Preliminary site plans and renderings of the proposed senior housing complex to be built on the Luther Seminary campus will be presented at a community forum on Thursday, Sept. 24, at Olson Campus Center, 1490 Fulham St., in Room 148.
The forum, which is being hosted by nonprofit developer Ecumen and the District 12 Land Use Committee, will be held from 3:30 to 5 p.m. and 6:30 to 8 p.m. There is no formal program planned. Interested individuals are encouraged to attend at their convenience. Members of Ecumen’s development team will be on hand to field questions, receive feedback and discuss the project’s work to date, as well as next steps.
It was announced in August that Luther Seminary had entered into a nonbinding agreement with Ecumen to build a senior housing complex on the lower campus of the seminary’s 37-acre property. Sites at both the corner of Como Avenue and Luther Place and the corner of Como and Eustis Street are under consideration for the development, according to Matt McNeill, Ecumen’s director of business development. The project could include a 50- to 60-unit owner-occupied senior housing coop, a 121-unit apartment building that would include some assistedliving components and 20 percent affordable rates, and a 112-unit memory-care facility. No dates for the start of the project were available at press time.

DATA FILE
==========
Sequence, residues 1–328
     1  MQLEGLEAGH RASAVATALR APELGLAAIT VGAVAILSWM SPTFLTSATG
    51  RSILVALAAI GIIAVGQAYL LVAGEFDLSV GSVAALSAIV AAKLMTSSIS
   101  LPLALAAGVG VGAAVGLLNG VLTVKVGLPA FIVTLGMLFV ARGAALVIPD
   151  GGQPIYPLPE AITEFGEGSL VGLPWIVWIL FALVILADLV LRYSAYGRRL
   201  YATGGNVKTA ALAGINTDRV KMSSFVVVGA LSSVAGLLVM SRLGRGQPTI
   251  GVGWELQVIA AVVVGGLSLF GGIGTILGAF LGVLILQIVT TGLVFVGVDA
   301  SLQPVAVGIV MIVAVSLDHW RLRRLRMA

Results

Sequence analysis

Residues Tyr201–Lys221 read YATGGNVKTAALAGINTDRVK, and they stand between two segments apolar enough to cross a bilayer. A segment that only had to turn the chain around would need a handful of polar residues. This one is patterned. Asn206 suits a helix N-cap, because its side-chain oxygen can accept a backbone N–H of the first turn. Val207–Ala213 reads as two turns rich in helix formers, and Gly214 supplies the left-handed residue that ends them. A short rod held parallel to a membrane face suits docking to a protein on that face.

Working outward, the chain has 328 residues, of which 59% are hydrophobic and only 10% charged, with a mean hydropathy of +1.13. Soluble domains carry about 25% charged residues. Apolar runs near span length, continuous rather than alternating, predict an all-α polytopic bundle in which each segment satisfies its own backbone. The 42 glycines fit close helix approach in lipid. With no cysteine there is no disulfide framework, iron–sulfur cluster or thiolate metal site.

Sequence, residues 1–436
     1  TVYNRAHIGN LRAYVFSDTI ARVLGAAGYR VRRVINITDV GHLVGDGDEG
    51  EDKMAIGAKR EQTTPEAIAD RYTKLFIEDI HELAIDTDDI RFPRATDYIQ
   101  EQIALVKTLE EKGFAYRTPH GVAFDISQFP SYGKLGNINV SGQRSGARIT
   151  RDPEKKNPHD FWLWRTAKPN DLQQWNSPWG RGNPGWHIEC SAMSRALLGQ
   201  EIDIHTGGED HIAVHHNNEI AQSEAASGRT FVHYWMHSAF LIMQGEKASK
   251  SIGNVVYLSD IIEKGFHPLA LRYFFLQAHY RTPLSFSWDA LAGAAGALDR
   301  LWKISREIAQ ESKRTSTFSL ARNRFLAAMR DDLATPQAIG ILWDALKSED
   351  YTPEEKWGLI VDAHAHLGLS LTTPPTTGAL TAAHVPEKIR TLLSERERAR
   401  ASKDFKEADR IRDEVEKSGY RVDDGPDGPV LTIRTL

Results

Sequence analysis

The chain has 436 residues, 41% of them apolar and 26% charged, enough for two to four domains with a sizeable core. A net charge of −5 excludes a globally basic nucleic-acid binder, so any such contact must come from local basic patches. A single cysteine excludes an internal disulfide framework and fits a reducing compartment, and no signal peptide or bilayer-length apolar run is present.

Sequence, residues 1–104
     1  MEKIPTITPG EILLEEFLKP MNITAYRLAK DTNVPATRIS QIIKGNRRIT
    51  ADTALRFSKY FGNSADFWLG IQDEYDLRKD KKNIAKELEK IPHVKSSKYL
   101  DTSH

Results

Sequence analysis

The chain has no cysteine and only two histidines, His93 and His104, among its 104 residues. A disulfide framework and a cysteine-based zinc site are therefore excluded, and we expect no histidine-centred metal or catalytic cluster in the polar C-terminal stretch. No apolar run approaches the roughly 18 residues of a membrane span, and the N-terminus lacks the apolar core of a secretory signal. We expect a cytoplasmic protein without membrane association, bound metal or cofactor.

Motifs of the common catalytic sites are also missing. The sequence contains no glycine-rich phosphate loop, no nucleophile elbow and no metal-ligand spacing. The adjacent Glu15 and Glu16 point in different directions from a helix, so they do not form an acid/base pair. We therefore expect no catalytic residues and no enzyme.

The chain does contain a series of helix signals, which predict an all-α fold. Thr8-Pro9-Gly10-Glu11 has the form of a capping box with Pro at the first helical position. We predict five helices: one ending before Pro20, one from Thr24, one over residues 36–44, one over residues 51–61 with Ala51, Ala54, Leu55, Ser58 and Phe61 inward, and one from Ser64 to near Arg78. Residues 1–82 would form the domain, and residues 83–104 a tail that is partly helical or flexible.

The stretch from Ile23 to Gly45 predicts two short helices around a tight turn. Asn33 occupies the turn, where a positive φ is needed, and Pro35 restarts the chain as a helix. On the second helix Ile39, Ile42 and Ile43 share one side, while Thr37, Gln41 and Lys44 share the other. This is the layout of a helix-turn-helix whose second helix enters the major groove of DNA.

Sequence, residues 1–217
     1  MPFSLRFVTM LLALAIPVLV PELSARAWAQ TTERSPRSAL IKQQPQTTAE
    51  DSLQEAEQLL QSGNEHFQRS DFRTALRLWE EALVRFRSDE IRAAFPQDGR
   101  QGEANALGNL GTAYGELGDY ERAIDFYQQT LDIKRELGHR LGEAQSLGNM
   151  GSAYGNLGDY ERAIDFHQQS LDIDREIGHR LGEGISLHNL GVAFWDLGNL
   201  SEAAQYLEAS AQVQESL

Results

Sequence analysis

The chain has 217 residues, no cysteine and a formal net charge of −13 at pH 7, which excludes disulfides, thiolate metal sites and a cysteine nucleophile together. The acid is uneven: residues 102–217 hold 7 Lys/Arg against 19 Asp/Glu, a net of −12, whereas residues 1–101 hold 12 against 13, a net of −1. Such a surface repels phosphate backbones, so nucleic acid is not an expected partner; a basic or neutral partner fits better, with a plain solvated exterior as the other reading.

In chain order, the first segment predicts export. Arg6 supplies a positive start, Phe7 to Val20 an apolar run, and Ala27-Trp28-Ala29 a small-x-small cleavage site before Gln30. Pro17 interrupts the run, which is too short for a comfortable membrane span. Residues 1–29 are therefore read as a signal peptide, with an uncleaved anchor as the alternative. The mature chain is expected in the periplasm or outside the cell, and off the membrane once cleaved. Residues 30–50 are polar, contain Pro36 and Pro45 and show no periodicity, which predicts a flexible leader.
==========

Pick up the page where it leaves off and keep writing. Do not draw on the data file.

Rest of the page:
Luther Seminary has been exploring redesign and redevelopment on the campus to meet the institution’s future needs, said Michael Morrow, the seminary’s vice president of finance and development, who attended the August Land Use Committee meeting with representatives from Ecumen to explain the project.
In 2012, the seminary reported a $4 million budget deficit. Since then, Luther has cut staff, sold the Sandgren and Burntvedt apartment buildings on Eustis Street, and has recently rented space to Augsburg College to house Augsburg’s physician’s assistant program. That will bring up to 60 students to the Luther campus each semester.
The campus needs to be refigured to meet the size of the current student body, Morrow said. The 600-student school has become less of a residential campus than in the past.
Ecumen, a 150-year-old nonprofit with roots in the Lutheran Church, once concentrated its work on nursing homes in rural Minnesota. In the last decade, the nonprofit has expanded its focus to senior housing outside of nursing homes in urban walkable communities.
One of Ecumen’s most recent projects is the $110 million Abiitan Mill City project in downtown Minneapolis, which broke ground in May. The five-story senior-living project will have 151 rental units and include options for independent living and memory care. Residents will be in walking distance to the river, to the Guthrie Theater, Gold Medal Park, the Mill City Farmers Market, the light rail and the new Vikings stadium. It is scheduled to open in fall 2016.
Representatives from Luther Seminary and Ecumen will also attend the Oct. 1 District 12 Land Use Committee meeting to give more updates on the project. The committee meets at 7 p.m. at South St. Anthony Recreation Center, 890 Cromwell Ave.